The restaurant had been getting some new customers each week with a Groupon, but hadn’t seen any repeat business from Groupon. When I re-illustrated how this program generated return business, the owners became more excited. Finally, we agreed on the roles each side would play during those eight weeks.

I put together a VIP program for the restaurant where people could send a text to a certain number and they would get an instant coupon for 15% off their bill for that visit and a coupon for the next time they came in. There were just under 200 people in that database in less than two and a half weeks.

I surveyed the VIP program participants at the middle of the third week via a virtual text conversation. For example, “Which coupon is your favorite? The restaurant could make changes to current coupons, essentially, on the fly. They could also broadcast news, such as, “Guess what? We’re going to have so-and-so come and play live tonight!” or “Come on down to the Street Fair this Saturday and get a free appetizer!”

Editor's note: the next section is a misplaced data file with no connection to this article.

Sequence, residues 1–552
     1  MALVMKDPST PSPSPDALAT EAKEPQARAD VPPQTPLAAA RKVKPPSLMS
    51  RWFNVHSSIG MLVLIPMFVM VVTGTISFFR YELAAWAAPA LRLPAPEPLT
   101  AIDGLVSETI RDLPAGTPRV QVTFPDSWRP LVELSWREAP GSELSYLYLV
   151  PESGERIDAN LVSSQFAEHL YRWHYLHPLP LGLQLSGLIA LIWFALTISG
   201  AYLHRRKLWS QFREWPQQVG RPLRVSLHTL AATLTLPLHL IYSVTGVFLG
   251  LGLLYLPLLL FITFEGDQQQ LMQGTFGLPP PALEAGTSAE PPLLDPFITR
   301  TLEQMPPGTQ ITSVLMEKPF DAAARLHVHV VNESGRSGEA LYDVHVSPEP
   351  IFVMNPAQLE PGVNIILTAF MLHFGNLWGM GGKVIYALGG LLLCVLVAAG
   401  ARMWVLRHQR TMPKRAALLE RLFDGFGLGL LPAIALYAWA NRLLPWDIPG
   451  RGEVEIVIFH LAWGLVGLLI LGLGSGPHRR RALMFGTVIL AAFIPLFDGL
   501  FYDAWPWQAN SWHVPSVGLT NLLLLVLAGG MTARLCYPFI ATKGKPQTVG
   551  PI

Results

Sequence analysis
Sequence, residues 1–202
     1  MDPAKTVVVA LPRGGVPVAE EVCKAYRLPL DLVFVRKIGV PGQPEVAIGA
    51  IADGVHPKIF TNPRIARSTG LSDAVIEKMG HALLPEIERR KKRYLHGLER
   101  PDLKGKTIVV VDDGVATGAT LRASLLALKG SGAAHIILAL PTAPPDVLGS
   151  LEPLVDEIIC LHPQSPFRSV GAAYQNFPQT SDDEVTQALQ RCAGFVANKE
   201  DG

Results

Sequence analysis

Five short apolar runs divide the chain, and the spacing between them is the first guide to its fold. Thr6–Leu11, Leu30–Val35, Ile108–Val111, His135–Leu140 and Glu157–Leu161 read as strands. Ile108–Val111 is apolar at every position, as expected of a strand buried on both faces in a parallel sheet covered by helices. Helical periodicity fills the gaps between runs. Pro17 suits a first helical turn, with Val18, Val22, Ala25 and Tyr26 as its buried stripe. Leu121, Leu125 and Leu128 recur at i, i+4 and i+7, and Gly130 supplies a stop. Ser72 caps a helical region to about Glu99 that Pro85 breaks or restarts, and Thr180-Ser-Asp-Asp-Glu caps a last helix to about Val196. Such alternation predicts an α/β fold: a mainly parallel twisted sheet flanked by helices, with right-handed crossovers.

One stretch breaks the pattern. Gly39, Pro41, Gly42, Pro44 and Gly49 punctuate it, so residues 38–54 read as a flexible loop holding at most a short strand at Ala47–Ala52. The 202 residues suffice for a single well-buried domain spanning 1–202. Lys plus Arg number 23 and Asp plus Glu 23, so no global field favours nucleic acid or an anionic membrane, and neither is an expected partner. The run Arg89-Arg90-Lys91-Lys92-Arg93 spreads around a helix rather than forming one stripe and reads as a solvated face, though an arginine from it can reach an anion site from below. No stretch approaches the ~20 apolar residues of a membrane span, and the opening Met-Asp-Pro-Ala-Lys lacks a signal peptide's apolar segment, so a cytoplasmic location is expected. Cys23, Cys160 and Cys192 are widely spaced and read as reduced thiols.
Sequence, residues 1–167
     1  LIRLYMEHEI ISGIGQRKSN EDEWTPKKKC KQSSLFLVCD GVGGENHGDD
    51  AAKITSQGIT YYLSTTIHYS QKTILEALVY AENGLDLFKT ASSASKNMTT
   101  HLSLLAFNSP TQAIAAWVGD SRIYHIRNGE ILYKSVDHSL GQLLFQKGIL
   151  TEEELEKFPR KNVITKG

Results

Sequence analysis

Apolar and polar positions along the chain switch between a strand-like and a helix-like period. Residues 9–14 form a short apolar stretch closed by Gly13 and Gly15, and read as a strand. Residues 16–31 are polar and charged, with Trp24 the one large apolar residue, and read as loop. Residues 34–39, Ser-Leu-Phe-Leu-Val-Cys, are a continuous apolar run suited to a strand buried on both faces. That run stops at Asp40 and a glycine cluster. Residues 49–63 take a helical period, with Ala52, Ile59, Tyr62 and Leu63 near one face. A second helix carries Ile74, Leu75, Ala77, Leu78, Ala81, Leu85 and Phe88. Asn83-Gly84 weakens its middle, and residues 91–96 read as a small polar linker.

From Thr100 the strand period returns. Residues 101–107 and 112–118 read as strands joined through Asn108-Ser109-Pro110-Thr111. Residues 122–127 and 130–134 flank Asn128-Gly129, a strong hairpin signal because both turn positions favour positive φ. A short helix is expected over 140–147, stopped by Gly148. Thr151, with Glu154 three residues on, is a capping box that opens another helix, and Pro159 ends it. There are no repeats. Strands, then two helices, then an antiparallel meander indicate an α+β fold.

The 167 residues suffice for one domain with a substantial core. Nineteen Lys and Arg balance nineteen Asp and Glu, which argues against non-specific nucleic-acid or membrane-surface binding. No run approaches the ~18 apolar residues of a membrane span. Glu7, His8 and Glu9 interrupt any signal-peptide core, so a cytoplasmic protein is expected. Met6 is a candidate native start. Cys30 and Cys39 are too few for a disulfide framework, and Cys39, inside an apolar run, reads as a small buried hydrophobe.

This was all delivered via text to participant cell phones. It could also go to email or only to email at the participant’s discretion. This was not frequent, annoying texting. One coupon per week. There were also other ways restaurant customers could earn more coupons, while at the restaurant. A survey conducted within the last two weeks of the program revealed that participants did not want this program to end. The V.I.P. program had addressed something different for this business and allowed them a new level of engagement with their customers. Program participants were receiving multiple benefits from this program at no cost. There was more happening in the eight weeks of this little program than had happened with the restaurant’s e-mail newsletter over several years. It was an impressive demonstration of results within a short period of time.